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Sex Trafficking, Scandal, and the Transformation of Journalism, 1885–1917$
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Gretchen Soderlund

Print publication date: 2013

Print ISBN-13: 9780226021362

Published to Chicago Scholarship Online: September 2013

DOI: 10.7208/chicago/9780226021676.001.0001

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The Journalism of Reform and the Reform of Journalism

The Journalism of Reform and the Reform of Journalism

(p.67) Chapter Three The Journalism of Reform and the Reform of Journalism
Sex Trafficking, Scandal, and the Transformation of Journalism, 1885–1917

Gretchen Soderlund

University of Chicago Press

This chapter explores the beginnings of reform journalism around white slavery in the United States. It explains how British mass culture helped reshape the landscape of American moral reform movements in the late nineteenth century. These reform movements would take on a complex national form as it was developed in a dialogue with American journalism, which it came to influence during this period. William T. Stead’s exposé changed American Journalism via a circuitous route: it sparked interest among the great number of female evangelical reformers to direct a number of their reform activities at the press itself. The chapter considers the relationships formed between the Gilded Age press and women’s moral reform movements and the role these interactions played in creating particular narrative styles, objects of inquiry, and the character and constitution of media audiences and practices to come.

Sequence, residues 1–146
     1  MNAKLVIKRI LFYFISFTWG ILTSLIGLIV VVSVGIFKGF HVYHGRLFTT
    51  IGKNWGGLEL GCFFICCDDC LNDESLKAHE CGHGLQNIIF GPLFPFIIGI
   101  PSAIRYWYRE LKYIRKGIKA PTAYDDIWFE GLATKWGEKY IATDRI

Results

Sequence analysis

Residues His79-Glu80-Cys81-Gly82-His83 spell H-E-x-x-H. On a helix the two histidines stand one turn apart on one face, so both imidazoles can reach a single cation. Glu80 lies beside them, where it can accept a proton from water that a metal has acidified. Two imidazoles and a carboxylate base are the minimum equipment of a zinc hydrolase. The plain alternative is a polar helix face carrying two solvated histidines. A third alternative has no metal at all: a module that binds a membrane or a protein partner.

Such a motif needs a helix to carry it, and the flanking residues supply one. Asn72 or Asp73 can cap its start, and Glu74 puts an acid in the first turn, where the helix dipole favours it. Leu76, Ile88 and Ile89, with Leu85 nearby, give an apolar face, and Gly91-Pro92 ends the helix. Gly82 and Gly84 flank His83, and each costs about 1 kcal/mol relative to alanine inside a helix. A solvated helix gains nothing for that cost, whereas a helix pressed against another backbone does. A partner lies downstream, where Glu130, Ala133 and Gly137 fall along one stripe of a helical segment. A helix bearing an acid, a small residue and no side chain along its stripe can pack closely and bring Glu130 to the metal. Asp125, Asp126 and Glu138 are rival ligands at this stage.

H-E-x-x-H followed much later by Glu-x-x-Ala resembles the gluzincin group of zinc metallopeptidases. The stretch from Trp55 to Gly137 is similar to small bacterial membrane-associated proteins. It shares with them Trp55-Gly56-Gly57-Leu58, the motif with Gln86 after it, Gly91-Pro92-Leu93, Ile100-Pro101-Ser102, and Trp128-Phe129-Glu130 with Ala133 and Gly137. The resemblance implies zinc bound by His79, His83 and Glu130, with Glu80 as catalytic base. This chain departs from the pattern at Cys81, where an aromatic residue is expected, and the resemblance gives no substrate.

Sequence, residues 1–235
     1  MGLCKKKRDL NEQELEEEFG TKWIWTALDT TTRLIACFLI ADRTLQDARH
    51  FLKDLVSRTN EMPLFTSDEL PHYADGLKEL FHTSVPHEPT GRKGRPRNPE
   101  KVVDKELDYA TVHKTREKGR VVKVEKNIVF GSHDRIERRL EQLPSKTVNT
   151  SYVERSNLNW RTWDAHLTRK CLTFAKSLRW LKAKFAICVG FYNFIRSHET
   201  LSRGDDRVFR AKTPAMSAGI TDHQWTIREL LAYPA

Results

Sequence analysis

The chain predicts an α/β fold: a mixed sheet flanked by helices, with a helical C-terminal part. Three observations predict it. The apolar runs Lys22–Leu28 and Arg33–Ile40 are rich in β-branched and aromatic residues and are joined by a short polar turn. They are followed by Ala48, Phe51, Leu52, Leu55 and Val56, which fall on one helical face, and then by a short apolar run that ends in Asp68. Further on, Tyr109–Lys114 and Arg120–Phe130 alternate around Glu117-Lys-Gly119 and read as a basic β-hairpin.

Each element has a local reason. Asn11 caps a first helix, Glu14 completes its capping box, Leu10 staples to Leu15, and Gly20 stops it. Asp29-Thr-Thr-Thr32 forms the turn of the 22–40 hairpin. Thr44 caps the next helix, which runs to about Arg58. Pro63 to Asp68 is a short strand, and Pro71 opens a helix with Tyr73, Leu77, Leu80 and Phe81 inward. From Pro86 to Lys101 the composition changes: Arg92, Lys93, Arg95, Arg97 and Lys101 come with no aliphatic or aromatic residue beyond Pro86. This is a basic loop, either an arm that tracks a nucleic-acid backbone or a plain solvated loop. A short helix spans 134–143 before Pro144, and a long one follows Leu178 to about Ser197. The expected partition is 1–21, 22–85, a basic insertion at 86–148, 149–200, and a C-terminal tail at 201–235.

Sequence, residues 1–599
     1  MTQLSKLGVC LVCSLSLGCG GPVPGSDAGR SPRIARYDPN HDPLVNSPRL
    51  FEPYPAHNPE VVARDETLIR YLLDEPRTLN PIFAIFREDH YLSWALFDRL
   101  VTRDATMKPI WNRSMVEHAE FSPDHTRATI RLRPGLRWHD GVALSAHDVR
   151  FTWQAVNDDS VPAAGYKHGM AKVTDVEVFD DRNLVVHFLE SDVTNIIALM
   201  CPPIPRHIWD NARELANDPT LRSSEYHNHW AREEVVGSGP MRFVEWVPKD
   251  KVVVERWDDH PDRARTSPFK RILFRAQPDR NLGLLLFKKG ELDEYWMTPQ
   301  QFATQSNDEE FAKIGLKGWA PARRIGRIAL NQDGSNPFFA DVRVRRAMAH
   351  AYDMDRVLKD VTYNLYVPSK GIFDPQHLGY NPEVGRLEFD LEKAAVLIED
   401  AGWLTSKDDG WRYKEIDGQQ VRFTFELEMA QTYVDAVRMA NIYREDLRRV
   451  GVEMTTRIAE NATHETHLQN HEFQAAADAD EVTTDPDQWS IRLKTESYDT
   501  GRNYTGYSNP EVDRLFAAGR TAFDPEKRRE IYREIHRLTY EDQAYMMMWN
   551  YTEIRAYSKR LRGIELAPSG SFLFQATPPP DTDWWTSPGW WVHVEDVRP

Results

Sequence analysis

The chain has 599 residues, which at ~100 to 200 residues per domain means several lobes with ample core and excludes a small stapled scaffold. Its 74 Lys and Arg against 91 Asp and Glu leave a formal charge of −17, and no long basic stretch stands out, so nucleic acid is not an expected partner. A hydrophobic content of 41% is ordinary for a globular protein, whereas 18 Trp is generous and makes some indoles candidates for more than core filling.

Keywords:   white slavery, William T. Stead, press, female evangelical reformers, moral reform

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